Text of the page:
You don’t have to actually approach the other person and tell them that you forgive them.  In fact, if you do that, you will probably be expecting an apology in return.  Just a note, but if someone knows they have hurt you, but hasn’t already bothered to apologize to you directly, then they either don’t think they’ve done anything to warrant apologizing to you for, or they don’t care that they’ve done something to hurt you.  In that case, it probably isn’t a good idea to go up to them and say, “I forgive you for hurting me.”  That will lead to them being defensive and shifting blame to you, and you being bitter because they refuse to acknowledge that they hurt you and apologize after you’ve forgiven them.  Which will lead to you needing to forgive them again . . .  The cycle will never stop.  I know.

Forgiveness is a life-changing process, and the only participants that matter are you and God.

The first step in forgiving others is to ask God to forgive you.  ME.



If you aren’t a Christian, then the first thing you have ask forgiveness for is your sin and accept that Jesus is the only One who can forgive you.  If you are a believer, then you have to ask forgiveness for the bitterness and other sinful acts you have been hanging on to and allowing to fester in your soul.

The second step is to transfer the hurts and offenses you’ve been carrying to God.  Just chuck them as hard as you can at Him.


When you feel the desire to have a little visit with Bitterness, pick up God’s love letter to you and let Him remind you of who He says you are.  That will keep her away.

The third step is to turn the other person over to God.  Focus on your relationship with God, and let Him deal with the other person.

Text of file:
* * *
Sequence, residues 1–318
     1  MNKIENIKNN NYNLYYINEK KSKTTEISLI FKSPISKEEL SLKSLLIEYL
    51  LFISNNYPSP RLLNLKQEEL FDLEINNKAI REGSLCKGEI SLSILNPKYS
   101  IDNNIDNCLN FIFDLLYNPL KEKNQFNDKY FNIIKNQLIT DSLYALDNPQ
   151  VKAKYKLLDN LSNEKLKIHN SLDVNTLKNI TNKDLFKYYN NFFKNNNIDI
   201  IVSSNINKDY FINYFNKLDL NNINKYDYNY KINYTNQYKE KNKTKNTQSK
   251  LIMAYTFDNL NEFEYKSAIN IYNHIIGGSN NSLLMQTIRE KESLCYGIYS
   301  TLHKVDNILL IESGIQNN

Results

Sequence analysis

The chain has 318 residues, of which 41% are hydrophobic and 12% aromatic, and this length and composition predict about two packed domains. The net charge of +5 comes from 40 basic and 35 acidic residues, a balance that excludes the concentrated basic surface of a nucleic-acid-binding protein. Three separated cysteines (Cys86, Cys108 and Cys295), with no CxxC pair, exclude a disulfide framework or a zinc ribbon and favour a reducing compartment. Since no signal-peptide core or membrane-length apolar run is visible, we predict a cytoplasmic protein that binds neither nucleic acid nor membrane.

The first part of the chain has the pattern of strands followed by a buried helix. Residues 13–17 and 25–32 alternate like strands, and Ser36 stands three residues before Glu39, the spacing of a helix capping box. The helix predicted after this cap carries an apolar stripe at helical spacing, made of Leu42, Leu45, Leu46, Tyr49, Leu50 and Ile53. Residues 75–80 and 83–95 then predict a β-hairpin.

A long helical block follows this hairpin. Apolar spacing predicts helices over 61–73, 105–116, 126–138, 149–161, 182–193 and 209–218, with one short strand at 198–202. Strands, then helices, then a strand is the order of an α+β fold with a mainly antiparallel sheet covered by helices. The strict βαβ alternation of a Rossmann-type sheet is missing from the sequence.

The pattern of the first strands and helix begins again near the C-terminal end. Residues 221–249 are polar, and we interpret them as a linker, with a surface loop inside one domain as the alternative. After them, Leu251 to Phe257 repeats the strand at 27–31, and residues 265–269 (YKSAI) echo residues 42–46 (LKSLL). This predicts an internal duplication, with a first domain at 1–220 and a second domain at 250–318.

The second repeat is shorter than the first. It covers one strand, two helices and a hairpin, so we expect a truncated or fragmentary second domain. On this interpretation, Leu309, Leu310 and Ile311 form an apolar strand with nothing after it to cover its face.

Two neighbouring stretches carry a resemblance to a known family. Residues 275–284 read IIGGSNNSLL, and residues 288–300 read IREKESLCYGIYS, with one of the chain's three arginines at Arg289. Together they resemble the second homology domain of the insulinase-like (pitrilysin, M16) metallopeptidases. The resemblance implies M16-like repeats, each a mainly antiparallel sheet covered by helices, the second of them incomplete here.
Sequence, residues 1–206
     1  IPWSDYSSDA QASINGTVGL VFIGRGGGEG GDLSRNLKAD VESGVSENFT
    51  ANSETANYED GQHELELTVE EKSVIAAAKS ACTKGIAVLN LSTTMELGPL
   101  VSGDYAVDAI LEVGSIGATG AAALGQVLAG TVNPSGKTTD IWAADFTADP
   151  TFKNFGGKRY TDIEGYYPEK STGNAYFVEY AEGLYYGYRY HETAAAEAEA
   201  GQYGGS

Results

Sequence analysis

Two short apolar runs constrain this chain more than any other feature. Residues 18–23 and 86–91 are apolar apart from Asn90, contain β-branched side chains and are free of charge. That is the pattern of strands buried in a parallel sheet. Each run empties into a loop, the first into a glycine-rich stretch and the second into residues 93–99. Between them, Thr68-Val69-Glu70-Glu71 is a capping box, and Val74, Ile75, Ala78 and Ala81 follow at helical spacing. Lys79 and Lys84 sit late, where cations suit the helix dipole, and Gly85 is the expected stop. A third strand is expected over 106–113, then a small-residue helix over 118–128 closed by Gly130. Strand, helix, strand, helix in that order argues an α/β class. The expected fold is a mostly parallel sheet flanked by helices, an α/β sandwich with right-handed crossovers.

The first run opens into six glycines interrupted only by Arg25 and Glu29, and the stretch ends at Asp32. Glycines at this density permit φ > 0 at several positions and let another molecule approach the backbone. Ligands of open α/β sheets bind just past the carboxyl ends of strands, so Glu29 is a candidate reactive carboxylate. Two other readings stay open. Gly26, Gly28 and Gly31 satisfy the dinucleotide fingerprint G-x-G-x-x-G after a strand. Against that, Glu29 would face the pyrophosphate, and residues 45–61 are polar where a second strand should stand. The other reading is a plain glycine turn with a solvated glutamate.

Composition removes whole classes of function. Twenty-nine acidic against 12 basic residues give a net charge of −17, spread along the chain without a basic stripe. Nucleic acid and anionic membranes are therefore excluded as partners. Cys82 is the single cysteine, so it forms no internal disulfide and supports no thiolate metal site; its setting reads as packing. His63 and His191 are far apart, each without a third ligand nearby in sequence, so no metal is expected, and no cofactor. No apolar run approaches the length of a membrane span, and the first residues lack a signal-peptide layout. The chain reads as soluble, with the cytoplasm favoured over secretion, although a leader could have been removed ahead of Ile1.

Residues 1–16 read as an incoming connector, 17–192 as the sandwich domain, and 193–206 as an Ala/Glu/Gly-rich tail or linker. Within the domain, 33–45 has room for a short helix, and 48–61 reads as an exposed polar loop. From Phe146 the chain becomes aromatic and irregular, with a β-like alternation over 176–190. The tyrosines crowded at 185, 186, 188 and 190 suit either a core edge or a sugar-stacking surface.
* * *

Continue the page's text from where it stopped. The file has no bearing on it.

Sometimes this will mean limiting interactions.  Other times it will mean a complete severing of contact, sometimes for a period of time, sometimes for good if the relationship was abusive in any way, or the other party never repents.  Either way, distance is needed in order for you to heal.  The amount of distance required will depend on the level of hurt you are experiencing, and whether or not your ability to focus on God is adversely affected by contact with them.  And believe me, even though YOU are the one who has experienced the offense, when you withdraw contact with the offender, they will then act offended.

I’ve had to sever contact with several people recently because any reminder of them caused Bitterness to come running, screaming her angry little head off.  It’s not easy, and it’s not fun, and you will feel like you are not acting Christlike when you do it.  And they will make sure you know that they don’t think you are acting Christlike.  Or mature.  So you have to be sure – I mean REALLY, REALLY, REALLY SURE – that your motivation is TRULY because you don’t like what you are becoming, and not because you are trying to punish them.  Only sever contact after praying diligently and seeking godly counsel.  I prayed for weeks – months actually – until finally God had given me enough signs showing me that I couldn’t move on if I didn’t MOVE ON.  He will give you peace with the decision.  That peace will help you prepare for the backlash.  Because it will come.